Numbers one and four would be relatively easy to implement. Two and three pose difficulties.

        Realistically, item two poses a problem in terms of documenting who owned what in 1915. In all probability, the United States would wind up footing the reparations bill if such a thing were ever negotiated as will probably happen with the Palestinians. A per-person reparations payment to each Armenian descended from an inhabitant of what was western Armenia who was forced from their home during the 1915-1923 period would be one way of handling this.

        As far as territory is concerned, Turkey obviously would not want to give up the land, even given the fact that its largely Kurdish inhabitants are a source of concern to Ankara. These are some thoughts on the subject.

        Reparations could include compensation for land.

        Areas of particular interest to Armenians are Mount Ararat and the Lake Van region due to their historical importance. After items one and four are implemented, tensions between the two countries would diminish over time. Perhaps a long-term treaty could be negotiated between Turkey and Armenia under which these areas could be freely visited by Armenians. Perhaps one day Armenians could live comfortably and safely in these areas.

        It will take decades for this situation to be resolved.

        It would obviously be unfair to punish today's citizens of Turkey for something that some of their ancestors perpetrated. Likewise, it is unfair to Armenians to deny the genocide for reasons of political or economic expediency.

        Can't everyone work toward a solution rather than continuing the recrimination?

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        • #34
          Re: government decree for deportation.

          Originally posted by bell-the-cat
          Then I've just missed a serious bargain on ebay.

          There was a reprinted copy of "The Slaughterhouse Province" that I saw on sale about 2 weeks ago with a reserve of $25. I didn't take much notice since I assumed that it was just one of those recent reprints that the Gomidas Institute have been publishing and I could always get a copy at a later date. But, checking their website right now, I see that Gomidas have not reprinted that particular book. So it must have been yours from the 1990s.

          Apologies for my original posting - I had actually assumed that you were in some way connected to Gomidas, whose recent publications, although valuable in themselves, would be far more valuable if they were part of an online library, accessible to anyone at no charge.

          2006 isn't 1990 - which is good in some ways, bad in others! But it is good as far as electronic publishing goes. Or if you want to have something physical to sell - convert it to pdf files, put it on cd or dvd, and manufacture them on demand.

          apology accepted--and I'm sorry you missed the bargain.

          Perhaps I should just put everything on CD as you say.

          I'm not related to Gomidas Publishing in any way. They have reprinted many documents from the National Archives, which is a valuable task.

          But as you say, since these documents are in the public domain, it would be great to have them available on the Internet.

          I don't know if the National Archives is working on that.

          Comment


          • #35
            Re: government decree for deportation.

            Originally posted by Historian
            apology accepted--and I'm sorry you missed the bargain.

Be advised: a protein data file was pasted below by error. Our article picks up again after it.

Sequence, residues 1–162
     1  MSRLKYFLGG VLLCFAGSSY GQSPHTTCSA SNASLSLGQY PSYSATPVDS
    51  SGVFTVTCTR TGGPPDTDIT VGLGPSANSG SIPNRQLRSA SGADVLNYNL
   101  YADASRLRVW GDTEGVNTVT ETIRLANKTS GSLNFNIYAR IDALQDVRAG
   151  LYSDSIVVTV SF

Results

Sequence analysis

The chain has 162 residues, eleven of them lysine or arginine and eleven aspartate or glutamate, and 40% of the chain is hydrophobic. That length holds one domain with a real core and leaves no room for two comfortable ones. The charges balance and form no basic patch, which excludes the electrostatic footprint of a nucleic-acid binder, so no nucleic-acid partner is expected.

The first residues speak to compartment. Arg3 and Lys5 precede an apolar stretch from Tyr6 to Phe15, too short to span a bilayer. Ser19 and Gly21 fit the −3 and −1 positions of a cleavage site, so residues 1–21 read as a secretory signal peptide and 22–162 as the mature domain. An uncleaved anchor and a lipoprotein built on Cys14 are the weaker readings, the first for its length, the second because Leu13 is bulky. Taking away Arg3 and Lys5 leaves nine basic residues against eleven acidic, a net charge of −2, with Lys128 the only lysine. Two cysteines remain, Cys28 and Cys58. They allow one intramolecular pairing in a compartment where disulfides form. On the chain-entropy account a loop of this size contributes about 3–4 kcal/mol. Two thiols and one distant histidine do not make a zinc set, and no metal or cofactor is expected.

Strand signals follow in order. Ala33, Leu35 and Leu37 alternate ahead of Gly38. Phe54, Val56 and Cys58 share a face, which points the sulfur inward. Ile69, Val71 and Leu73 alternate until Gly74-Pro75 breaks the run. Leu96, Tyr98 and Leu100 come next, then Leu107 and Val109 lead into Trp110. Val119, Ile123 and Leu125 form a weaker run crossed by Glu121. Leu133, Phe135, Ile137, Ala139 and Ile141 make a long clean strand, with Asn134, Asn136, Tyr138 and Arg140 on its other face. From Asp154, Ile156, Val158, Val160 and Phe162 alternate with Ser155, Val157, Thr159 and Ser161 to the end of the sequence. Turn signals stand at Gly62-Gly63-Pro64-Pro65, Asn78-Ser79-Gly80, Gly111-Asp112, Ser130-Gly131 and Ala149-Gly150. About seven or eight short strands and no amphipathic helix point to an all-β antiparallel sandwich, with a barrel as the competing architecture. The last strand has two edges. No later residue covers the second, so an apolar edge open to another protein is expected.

Perhaps I should just put everything on CD as you say.

            I'm not related to Gomidas Publishing in any way. They have reprinted many documents from the National Archives, which is a valuable task.

            But as you say, since these documents are in the public domain, it would be great to have them available on the Internet.

            I don't know if the National Archives is working on that.
            I don't know what the book finally sold for, so maybe it wasn't a bargain by the end of the auction!

            I heard a news report recently that google are scanning a lot of books and making them available online free of charge - but they are mostly concentrating on recent books (much to the annoyance of authors since they are doing it without getting their permission first).

            It's not that difficult to scan a book using ocr software. Most books are electronically typeset these days anyway, I think. So you would need to have a digital copy even for a physical reprint on paper.
            But I've never converted one to pdf files so I don't know how accurate or easy it is to do - I guess you would need to do it chapter by chapter to keep the file sizes down.
            Plenipotentiary meow!

            Comment


            • #36
              Re: government decree for deportation.

              Hi Susan, I know your story, I do have all Leslie Davis reports of that book except one in one of my digitized collections, I could probably find it, but don't expect this denialist to change his view just because he would read them.

              About your publisher not having pied your loyalties, did you thought of taking legal actions? I do understand that due to the situation and the fact that you became anonymous he could have always claimed that since you had no 'identity' it was impossible to pay loyalties but I am sure that there must be some solutions.

              About gomidas, it is totally lasiness to mostly edit memoirs from others to make money out of it, when the place of such memoirs is on the web.

              I indeed already started collecting them to place them on the internet, but now I am engaged to Wikipedia and will contribute there. On the internet, there is only one website that exist that has collections of such writtings and works to the measure of the tragedy, but it is in French, the authors are very professional in gathering their information. http://www.imprescriptible.fr/

              Regards

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              • #37
                Re: government decree for deportation.

                Not you again...

                Comment